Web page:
Jottings from Himachal

A window on Himachal coming into being

Turns 49 today: Was granted statehood on Jan 25, 1971, after a long journey of accretion and amalgamation of territories

A window on Himachal coming into being

The statue of Dr YS Parmar, first Chief Minister of Himachal.

Raaja Bhasin

Today is Himachal’s Statehood Day. This is the day that Himachal became a full-fledged state of the Indian Union. There was a long process that went behind this.

The administration of Shimla district began under the ‘Political Agent’, which was the common phrase, although the correct designation was ‘Assistant Agent of the Governor-General, Political Department’. In 1829, this was changed to Political Assistant to the Resident of Delhi and in 1859, to ‘Deputy Commissioner of Simla and Superintendent of Hill States’. The same officer wore two hats — within the district, he was its Deputy Commissioner and the moment he stepped into the adjoining princely states, or a matter connected with them came to him, he took on the role of ‘Superintendent of Hill States’. He was an officer of the Indian Civil Service and belonged to the Punjab cadre.

The map of the state in 1961.

At the end of the 1857 Great Uprising, in 1859, the power held by East India Company was transferred to the British Crown, which had now become the paramount power in India. Expectedly, this change affected the princely states of Himachal and the Government of Punjab controlled this relationship. After the Political Department of the Government of India came into being, from November 1921, the Punjab States Agency placed Mandi, Suket, Bilaspur, Sirmaur and Chamba in a direct relationship with the Government of India. At the time, the Shimla Hill States continued being handled by the Superintendent of Hill States.

In 1936, the Punjab Hill States Agency was created and now, the Hill States also entered into a direct relationship with the Government of India. In 1947, before Independence, the Resident, Punjab States, handled Suket, Chamba and Mandi while the Punjab Hill States Agency looked after the following — Bilaspur, Sirmaur, Bushair (along with Delath and Khaneti), Nalagarh, Keonthal (along with Koti, Theog, Ghund, Ratesh and Madhan), Baghat, Baghal, Jubbal (along with Ravingarh and Dhadi), Kumarsain, Bhajji, Mahlog, Sangri, Tharoch, Darkoti, Bija, Mangal, Kunihar, Kuthar, Balsan and Dhami.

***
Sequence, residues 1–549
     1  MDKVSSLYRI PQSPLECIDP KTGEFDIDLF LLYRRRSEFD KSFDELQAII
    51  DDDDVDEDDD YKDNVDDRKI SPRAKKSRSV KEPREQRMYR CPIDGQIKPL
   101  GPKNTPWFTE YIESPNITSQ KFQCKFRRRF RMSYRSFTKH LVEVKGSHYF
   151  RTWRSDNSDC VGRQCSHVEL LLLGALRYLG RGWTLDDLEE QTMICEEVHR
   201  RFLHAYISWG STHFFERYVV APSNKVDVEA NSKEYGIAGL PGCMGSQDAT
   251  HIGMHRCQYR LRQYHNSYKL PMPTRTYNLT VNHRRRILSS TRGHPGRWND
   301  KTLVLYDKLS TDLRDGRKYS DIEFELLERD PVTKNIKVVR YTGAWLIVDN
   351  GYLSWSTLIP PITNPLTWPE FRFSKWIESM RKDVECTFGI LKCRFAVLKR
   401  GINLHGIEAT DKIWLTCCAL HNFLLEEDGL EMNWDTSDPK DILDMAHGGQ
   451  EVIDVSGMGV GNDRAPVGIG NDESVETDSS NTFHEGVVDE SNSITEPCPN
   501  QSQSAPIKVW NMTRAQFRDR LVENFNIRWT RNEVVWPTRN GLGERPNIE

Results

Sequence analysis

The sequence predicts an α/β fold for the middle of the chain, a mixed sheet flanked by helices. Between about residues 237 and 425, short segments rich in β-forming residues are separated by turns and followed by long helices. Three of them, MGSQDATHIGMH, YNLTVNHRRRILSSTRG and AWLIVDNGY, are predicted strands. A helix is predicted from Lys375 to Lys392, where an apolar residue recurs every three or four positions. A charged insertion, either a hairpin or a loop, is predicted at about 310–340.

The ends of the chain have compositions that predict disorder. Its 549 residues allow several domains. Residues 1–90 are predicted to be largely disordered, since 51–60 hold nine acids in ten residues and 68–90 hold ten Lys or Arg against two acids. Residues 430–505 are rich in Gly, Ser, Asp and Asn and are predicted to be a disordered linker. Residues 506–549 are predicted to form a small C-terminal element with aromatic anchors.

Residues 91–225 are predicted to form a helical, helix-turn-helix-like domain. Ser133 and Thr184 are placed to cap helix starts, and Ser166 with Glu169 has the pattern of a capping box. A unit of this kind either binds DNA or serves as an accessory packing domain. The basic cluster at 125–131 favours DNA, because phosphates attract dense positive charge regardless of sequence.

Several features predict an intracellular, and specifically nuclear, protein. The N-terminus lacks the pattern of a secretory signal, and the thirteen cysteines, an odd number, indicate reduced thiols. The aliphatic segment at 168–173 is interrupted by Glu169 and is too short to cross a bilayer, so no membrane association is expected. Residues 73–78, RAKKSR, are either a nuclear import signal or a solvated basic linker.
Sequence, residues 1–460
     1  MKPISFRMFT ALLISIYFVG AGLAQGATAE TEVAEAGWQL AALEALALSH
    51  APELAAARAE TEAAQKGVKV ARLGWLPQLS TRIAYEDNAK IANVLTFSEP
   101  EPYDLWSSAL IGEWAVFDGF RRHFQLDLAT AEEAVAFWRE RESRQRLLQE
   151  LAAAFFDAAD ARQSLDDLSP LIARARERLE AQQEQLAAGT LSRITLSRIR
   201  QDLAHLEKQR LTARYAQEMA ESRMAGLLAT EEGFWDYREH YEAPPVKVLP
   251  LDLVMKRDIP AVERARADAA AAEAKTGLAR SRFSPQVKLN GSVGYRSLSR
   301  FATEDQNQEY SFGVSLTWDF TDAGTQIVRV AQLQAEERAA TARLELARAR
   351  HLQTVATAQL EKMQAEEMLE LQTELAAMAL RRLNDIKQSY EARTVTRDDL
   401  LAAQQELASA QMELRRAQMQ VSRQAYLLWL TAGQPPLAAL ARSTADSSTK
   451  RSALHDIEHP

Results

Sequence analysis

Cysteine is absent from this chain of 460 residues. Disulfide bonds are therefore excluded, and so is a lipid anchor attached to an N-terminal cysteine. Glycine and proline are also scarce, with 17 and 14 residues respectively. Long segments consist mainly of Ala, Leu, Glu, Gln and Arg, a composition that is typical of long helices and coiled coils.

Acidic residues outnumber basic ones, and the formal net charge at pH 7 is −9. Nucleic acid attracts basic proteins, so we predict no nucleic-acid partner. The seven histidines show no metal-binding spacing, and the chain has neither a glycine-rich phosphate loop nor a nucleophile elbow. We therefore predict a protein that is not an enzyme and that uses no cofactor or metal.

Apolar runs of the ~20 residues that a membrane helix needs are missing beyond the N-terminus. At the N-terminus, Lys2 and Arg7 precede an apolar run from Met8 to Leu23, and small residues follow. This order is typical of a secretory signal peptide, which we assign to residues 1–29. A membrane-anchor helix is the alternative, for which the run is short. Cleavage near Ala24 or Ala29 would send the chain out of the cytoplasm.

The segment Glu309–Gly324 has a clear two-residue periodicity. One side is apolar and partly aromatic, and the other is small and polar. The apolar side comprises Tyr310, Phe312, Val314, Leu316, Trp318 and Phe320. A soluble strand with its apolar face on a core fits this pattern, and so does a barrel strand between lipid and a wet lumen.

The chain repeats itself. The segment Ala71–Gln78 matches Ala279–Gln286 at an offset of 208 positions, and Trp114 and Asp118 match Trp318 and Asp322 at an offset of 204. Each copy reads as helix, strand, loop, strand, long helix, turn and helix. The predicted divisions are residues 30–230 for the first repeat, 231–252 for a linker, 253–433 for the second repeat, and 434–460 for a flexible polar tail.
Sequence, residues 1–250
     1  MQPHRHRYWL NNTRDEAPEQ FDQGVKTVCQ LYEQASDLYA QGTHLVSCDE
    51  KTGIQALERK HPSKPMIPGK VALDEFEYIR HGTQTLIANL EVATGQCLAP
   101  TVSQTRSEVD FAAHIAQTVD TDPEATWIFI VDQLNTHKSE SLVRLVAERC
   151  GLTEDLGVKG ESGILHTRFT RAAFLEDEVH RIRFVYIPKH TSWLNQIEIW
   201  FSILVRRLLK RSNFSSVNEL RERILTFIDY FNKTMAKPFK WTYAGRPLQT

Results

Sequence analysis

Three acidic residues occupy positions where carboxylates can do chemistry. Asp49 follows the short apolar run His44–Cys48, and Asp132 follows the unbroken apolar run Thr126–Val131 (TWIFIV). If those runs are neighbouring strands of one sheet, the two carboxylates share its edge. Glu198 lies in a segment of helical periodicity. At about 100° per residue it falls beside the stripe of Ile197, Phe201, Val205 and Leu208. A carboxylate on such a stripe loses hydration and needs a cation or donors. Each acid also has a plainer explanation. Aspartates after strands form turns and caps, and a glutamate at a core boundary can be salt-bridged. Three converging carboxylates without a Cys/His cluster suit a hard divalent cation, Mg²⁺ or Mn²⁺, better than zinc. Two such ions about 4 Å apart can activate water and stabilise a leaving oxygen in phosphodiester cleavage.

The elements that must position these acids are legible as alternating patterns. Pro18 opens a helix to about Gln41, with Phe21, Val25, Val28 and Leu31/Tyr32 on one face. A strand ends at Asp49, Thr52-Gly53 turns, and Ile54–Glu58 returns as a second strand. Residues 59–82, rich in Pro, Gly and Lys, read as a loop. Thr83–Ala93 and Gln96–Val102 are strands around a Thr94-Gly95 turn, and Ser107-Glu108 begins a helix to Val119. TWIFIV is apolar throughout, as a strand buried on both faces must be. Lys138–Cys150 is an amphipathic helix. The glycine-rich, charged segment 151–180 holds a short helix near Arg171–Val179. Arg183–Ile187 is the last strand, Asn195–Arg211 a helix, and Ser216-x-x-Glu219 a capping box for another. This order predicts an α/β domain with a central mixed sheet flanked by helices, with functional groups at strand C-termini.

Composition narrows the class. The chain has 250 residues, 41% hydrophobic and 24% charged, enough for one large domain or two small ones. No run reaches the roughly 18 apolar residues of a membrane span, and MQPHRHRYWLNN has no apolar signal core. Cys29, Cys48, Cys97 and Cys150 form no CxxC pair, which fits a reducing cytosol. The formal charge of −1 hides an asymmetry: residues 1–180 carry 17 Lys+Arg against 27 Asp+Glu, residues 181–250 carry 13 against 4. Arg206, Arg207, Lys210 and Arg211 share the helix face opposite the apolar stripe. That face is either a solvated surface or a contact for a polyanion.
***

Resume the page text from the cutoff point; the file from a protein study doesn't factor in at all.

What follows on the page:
In what were termed as the ‘Simla Hill States’ (including Bilaspur and Nalagarh), there was a total population of 337,998 in 1881. The population rose to 370,200 in 1891 and to 389,399 persons in 1901. There were 1,527 villages and the average population of each village was 249.

Centrally administered

After Independence, on 15 April, 1948, today’s Himachal Pradesh took its first steps as a centrally-administered Chief Commissioner’s Province; NC Mehta held this position and E. Penderel Moon was his deputy. At this time, the state had an area of 25,840 square kilometres. The first territorial change took place soon after on 15 January, 1950, when some irregularities with the borders with East Punjab, the United Provinces and PEPSU were ironed out; the accretion to Himachal’s territory was minimal.

PEPSU state

In those early years, Shimla, Kasauli, Kandaghat, Dharampur and Chail were part of the PEPSU state. Between 1948 and 1956, PEPSU was a state comprising eight former princely states. The acronym ‘PEPSU’ stood for ‘Patiala and East Punjab States Union’. This consisted of the former salute states of Patiala, Jind, Kapurthala, Nabha, Faridkot and Malerkotla. The two other states were Kalsia and Nalagarh.

However, when Bilaspur was amalgamated in 1954, the state’s territory rose to 28,192 square kilometres. The Punjab Reorganisation Act, 1966 transferred 27,263 square kilometres to Himachal and consisted of Shimla, Kangra, Kullu and Lahaul and Spiti. Areas contiguous to Himachal, which were part of Punjab’s districts of Ambala, Gurdaspur and Hoshiarpur, were also pasted onto Himachal’s map.

Mahasu dist ceased to exist

When the state came into being, it had four districts —Chamba, Mahasu, Mandi and Sirmaur. When Bilaspur joined in, it became the fifth. On 1 May, 1960, a chunk of Mahasu was sliced away to create the district of Kinnaur. In 1966, coming on the heels of the reorganisation of Punjab, four more districts were added — Shimla, Kullu, Kangra and Lahaul and Spiti. On 1 September, 1972, following full-statehood, the district of Mahasu ceased to exist and in its place a new district, Solan, was created while Shimla district had its borders modified. At this time, Una and Hamirpur were also carved out of Kangra. Now, the state came to have 12 districts; this number and the area with each district have not changed to date.

As a Part ‘C’ State between 1952 and 1956, there were 36 ‘Territorial Constituencies’ and eight seats were reserved for the Scheduled Castes and Tribes. In 1954, this number rose to 51 with the amalgamation of Bilaspur. The Act of 1956 clipped the nascent democracy in the state and turned it into a union territory; this was given a reprieve in 1963 with the Union Territories Act of that year. It was only after 1971, when the state came into its own, that the democratic processes began maturing and since the state Assembly has had 68 members.

(The writer is an author, historian and journalist)

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